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Balloon sinuplasty is a tool that is used to treat selected patients with paranasal sinus pathologies. No studies have investigated the aetiology of failed access to the frontal sinus. The aim of our study was to specify the intraoperative technical failure rate and to analyse the aetiology of the failed access to predict potential technical difficulties before surgery. We retrospectively analysed the charts of patients who underwent balloon sinuplasty from November 2007 to July 2010 at three different ENT-Centres. CT-analysis of the patients with failed access was performed. Of the 104 frontal sinuses, dilation of 12 (12%) sinuses failed. The anatomy of all failed cases revealed variations in the frontal recess (frontoethmoidal-cell, frontal-bulla-cell or agger-nasi-cell) or osteoneogenesis. In one patient, a lymphoma was overlooked during a balloon only procedure. The lymphoma was diagnosed 6 months later with a biopsy during functional endoscopic sinus surgery. In complex anatomical situations of the frontal recess, balloon sinuplasty may be challenging or impossible. In these situations, it is essential to have knowledge of classical functional endoscopic sinus surgery of the frontal recess area. The drawbacks of not including a histopathologic exam should be considered in balloon only procedures.
Department of Otorhinolaryngology, Head and Neck Surgery, University Hospital Bern, Switzerland, Freiburgstrasse, 3010, Bern, Switzerland.
This article was published in the following journal.
Pediatric rhinosinusitis is a common sequela of upper respiratory infections in children. It is usually a self--limited disease, sometimes requiring antibiotic therapy. Surgery may be indicated in chi...
Abstract Conclusion: The incidence of paranasal sinus (PNS) osteoma was 6.4%. The most common site of PNS osteoma was the ethmoid sinus. All surgically treated patients underwent endoscopic surgery, a...
Frontal sinus trephination (FST) has numerous applications in the treatment of acute and chronic sinus disease. This procedure involves making an incision at the medial aspect of the supraorbital rim ...
Achieving long-term, successful outcomes with endoscopic sinus surgery (ESS) can be challenging in patients with recalcitrant chronic rhinosinusitis (CRS). Local complications, including scar formatio...
The objective of this investigation was to analyze outcomes following management of mild (less than 1mm) and moderately severe (greater than 1mm and less than 5mm) breaches of the posterior wall of th...
The objective of the PROGRESS Study is to assess the safety and efficacy of the Propel Mini steroid-eluting Sinus Implant when placed in the frontal sinus opening following frontal sinus s...
A multi-center, non-randomized, prospective post-market evaluation of sinuplasty in paranasal sinuses.
This post-market study aims to compare health outcomes for Chronic Rhinosinusitis (CRS) patients treated with balloon sinus dilation (BSD) versus continued medical management.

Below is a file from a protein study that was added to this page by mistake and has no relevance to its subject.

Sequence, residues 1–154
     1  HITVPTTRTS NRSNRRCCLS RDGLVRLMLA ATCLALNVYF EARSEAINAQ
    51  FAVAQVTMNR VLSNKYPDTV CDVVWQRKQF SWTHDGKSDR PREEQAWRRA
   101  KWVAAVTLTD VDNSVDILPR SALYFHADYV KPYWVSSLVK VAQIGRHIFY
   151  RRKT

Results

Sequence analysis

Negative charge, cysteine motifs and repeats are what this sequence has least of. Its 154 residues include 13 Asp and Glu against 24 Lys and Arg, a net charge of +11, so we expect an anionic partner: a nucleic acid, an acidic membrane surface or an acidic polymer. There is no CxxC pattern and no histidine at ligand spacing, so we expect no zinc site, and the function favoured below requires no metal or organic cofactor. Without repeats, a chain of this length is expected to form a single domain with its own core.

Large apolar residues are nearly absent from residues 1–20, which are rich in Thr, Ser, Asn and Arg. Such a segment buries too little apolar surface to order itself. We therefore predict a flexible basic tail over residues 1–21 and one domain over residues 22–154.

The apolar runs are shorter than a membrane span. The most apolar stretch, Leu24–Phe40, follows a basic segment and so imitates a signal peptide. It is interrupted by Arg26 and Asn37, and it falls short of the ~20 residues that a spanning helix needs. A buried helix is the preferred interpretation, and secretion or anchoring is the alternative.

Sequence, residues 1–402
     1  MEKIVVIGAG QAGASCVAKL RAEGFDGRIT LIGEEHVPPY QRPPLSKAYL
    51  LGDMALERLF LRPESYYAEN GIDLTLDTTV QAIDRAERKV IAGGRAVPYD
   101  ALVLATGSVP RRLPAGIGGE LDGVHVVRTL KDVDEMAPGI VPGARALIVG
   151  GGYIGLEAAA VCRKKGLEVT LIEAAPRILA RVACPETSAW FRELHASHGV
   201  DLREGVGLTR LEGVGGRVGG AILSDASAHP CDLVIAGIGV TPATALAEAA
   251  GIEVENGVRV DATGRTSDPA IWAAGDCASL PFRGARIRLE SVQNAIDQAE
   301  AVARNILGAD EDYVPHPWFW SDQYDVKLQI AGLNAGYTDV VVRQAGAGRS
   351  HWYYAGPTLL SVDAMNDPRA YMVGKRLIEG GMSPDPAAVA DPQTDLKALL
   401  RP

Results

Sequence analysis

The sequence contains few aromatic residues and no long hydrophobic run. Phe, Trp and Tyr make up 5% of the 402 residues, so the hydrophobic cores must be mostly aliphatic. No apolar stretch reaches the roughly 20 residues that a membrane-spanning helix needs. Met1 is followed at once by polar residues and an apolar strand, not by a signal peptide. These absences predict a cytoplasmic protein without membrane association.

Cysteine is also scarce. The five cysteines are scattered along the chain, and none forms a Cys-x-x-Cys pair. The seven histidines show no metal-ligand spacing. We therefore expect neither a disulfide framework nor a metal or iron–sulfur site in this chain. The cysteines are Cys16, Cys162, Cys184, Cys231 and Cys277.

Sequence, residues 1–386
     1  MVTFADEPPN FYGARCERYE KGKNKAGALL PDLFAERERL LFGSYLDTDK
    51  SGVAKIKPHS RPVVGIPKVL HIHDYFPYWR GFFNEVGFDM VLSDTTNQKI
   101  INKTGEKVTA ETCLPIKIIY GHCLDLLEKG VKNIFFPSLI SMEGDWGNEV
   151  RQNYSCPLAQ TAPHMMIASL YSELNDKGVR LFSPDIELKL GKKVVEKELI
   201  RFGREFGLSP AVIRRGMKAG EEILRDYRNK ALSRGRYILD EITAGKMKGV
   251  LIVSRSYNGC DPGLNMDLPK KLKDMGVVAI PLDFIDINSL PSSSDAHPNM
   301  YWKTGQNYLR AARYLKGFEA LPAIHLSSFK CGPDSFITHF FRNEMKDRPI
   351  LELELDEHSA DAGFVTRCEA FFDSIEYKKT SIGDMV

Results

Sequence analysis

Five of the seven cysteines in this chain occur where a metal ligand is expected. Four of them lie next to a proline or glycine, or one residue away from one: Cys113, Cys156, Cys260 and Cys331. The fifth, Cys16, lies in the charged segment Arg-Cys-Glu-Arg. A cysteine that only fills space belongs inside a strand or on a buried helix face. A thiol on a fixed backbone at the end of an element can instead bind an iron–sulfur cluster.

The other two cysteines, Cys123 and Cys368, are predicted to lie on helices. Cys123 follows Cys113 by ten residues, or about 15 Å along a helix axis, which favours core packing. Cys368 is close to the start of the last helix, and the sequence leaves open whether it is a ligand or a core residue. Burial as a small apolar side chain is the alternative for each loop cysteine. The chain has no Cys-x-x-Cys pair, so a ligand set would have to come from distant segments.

This pilot study will evaluate the accuracy and ease of use of the LUMA light wire and whether trans-illumination of the sinuses is comparable to fluoroscopy during balloon dilation proced...
The RESOLVE II Study will assess the safety and efficacy of the steroid-releasing S8 Sinus Implant when used in post-sinus surgery patients who present with recurrent sinus obstruction. Th...
Air-filled spaces located within the bones around the NASAL CAVITY. They are extensions of the nasal cavity and lined by the ciliated NASAL MUCOSA. Each sinus is named for the cranial bone in which it is located, such as the ETHMOID SINUS; the FRONTAL SINUS; the MAXILLARY SINUS; and the SPHENOID SINUS.
One of the paired, but seldom symmetrical, air spaces located between the inner and outer compact layers of the FRONTAL BONE in the forehead.
Inflammation of the NASAL MUCOSA in the FRONTAL SINUS. In many cases, it is caused by an infection of the bacteria STREPTOCOCCUS PNEUMONIAE or HAEMOPHILUS INFLUENZAE.
An intracranial or rarely intraspinal suppurative process invading the space between the inner surface of the DURA MATER and the outer surface of the ARACHNOID. Bacteria and other pathogenic organisms may gain entrance to the subdural space from the FRONTAL SINUS; ETHMOID SINUS; middle ear (EAR, MIDDLE); MASTOID; or as the result of CRANIOCEREBRAL TRAUMA or NEUROSURGICAL PROCEDURES. This condition may be associated with intracranial sinus thrombosis (SINUS THROMBOSIS, INTRACRANIAL). Circumscribed collections of purulent material in the subdural space are referred to as subdural abscesses. (From Adams et al., Principles of Neurology, 6th ed, p709)
An irregular unpaired bone situated at the SKULL BASE and wedged between the frontal, temporal, and occipital bones (FRONTAL BONE; TEMPORAL BONE; OCCIPITAL BONE). Sphenoid bone consists of a median body and three pairs of processes resembling a bat with spread wings. The body is hollowed out in its inferior to form two large cavities (SPHENOID SINUS).
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